By M. Swift
Known as the “The Carolina Twins” and “The Two-Headed Nightingale,” Millie and Christine McKoy were conjoined twins born slaves in Columbus County, NC in 1851. Owned by the blacksmith Jabez McKay, the McKoys resided on the McKay farm near Whiteville. The youngest of nine children, Christine and Millie were conjoined at the spine.
SOLD INTO THE CIRCUS
At just 10 months, McKay sold the twins to South Carolina promoter John C. Pervis. The agreement between the two was that McKay would get a cut of the pay from the shows. Over a year later, the McKoy twins were sold to another promoter by the name of Brower. From there, Brower and his patron Joseph Pearson Smith made a fortune displaying the children at North Carolina’s first state fair in 1853.
Seeing a chance to make more money from the McKoys, he sold them to a Texan who presented him with a chance at $45,000 in land—in today’s currency. As it would turn out, he would be conned after sending them off. Brower had to tell Smith about the sale and gave him the managerial rights to the McKoy twins.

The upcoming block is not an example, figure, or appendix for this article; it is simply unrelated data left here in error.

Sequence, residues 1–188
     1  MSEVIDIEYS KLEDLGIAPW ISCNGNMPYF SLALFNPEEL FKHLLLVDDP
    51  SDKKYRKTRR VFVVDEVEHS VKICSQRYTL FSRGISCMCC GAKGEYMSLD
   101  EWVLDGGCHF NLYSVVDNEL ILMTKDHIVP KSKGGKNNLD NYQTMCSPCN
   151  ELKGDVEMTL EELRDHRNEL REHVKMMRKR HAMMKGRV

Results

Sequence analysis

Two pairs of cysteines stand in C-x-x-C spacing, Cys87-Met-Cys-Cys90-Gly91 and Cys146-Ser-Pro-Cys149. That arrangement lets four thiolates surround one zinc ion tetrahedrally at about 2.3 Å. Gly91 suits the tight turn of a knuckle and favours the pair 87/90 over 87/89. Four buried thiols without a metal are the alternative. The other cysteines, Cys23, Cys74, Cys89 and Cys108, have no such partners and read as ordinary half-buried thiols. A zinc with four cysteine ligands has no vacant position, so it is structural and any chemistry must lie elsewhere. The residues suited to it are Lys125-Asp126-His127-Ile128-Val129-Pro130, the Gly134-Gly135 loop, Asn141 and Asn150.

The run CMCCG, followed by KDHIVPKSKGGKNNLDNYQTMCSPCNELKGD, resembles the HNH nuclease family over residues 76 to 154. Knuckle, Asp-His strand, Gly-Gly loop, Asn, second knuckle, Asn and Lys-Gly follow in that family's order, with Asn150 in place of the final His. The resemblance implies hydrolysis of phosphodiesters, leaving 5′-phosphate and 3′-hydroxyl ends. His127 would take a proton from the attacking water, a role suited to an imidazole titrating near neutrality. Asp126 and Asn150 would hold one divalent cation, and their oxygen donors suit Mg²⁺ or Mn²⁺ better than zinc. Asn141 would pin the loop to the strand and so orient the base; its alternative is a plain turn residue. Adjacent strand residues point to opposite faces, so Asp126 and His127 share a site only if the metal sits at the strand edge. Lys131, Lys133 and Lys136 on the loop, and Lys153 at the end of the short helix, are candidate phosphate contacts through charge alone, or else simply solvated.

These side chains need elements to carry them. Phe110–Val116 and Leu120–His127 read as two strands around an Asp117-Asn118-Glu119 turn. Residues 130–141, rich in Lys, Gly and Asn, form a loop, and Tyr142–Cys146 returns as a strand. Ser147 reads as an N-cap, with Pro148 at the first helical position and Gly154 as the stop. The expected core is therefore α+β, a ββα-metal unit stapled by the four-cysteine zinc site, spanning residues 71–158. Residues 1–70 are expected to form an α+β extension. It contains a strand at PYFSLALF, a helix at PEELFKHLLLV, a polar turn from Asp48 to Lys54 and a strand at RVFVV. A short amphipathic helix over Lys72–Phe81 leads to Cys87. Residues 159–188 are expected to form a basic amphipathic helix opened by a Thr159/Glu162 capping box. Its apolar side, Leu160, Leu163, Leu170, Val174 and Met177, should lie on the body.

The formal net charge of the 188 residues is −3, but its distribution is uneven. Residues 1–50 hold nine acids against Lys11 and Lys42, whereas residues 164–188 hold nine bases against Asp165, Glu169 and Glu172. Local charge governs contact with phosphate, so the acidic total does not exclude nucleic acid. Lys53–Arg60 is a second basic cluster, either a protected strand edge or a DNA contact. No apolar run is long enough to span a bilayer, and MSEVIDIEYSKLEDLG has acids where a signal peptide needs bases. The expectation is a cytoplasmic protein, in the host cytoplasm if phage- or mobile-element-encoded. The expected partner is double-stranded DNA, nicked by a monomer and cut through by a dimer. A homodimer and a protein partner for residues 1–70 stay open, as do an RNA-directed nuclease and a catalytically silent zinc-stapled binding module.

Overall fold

After several years, Smith finally got Millie and Christine back in 1857. By now, the 6-year-olds had made it to England, a hot market for the sideshow part of the circus business at the time. Following the 1863 Emancipation Proclamation, the twins were reunited with their mother Monemia and the Smith family gave them an education and classical music training.
LATER YEARS OF THE MCKOY TWINS
Millie and Christine continued performing in the circus—including P.T. Barnum’s circus—throughout the late 19th century. Their act including singing and playing instruments, hence the nickname “the Two-Headed Nightingale.” In the 1880s, the McKoy twins moved back to Whiteville to live on the farm they were born. Since they had left, their father purchased the farm from Jabez McKay.
The twins would until late 1912 when Millie contracted tuberculosis. After her death, Christine lingered for 12 hours before passing away.
M. Swift primarily writes on moments and important figures in Black history for Your Black World. He also writes heavily on wrestling, comics, gaming, and Black sci-fi and fantasy.